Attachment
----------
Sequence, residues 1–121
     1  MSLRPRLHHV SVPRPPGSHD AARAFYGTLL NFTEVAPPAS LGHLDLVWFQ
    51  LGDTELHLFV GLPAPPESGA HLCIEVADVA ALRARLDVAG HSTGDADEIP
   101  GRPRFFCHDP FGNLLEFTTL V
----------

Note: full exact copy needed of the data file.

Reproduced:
Sequence, residues 1–121
     1  MSLRPRLHHV SVPRPPGSHD AARAFYGTLL NFTEVAPPAS LGHLDLVWFQ
    51  LGDTELHLFV GLPAPPESGA HLCIEVADVA ALRARLDVAG HSTGDADEIP
   101  GRPRFFCHDP FGNLLEFTTL V